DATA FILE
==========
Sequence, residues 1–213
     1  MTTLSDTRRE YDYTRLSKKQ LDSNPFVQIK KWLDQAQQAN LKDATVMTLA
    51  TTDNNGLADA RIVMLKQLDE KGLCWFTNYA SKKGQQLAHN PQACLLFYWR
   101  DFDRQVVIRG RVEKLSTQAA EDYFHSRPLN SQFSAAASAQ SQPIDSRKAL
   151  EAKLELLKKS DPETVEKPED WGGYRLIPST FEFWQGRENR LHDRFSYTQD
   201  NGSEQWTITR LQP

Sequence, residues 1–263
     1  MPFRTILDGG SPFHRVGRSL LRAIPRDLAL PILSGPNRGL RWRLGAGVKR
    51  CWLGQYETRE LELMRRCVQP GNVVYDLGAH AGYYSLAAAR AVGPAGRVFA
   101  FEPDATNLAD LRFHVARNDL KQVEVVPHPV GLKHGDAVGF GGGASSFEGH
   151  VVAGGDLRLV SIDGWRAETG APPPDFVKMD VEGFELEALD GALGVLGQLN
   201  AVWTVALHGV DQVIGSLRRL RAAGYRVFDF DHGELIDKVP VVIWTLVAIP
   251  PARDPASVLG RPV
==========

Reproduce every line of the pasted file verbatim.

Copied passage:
Sequence, residues 1–213
     1  MTTLSDTRRE YDYTRLSKKQ LDSNPFVQIK KWLDQAQQAN LKDATVMTLA
    51  TTDNNGLADA RIVMLKQLDE KGLCWFTNYA SKKGQQLAHN PQACLLFYWR
   101  DFDRQVVIRG RVEKLSTQAA EDYFHSRPLN SQFSAAASAQ SQPIDSRKAL
   151  EAKLELLKKS DPETVEKPED WGGYRLIPST FEFWQGRENR LHDRFSYTQD
   201  NGSEQWTITR LQP

Sequence, residues 1–263
     1  MPFRTILDGG SPFHRVGRSL LRAIPRDLAL PILSGPNRGL RWRLGAGVKR
    51  CWLGQYETRE LELMRRCVQP GNVVYDLGAH AGYYSLAAAR AVGPAGRVFA
   101  FEPDATNLAD LRFHVARNDL KQVEVVPHPV GLKHGDAVGF GGGASSFEGH
   151  VVAGGDLRLV SIDGWRAETG APPPDFVKMD VEGFELEALD GALGVLGQLN
   201  AVWTVALHGV DQVIGSLRRL RAAGYRVFDF DHGELIDKVP VVIWTLVAIP
   251  PARDPASVLG RPV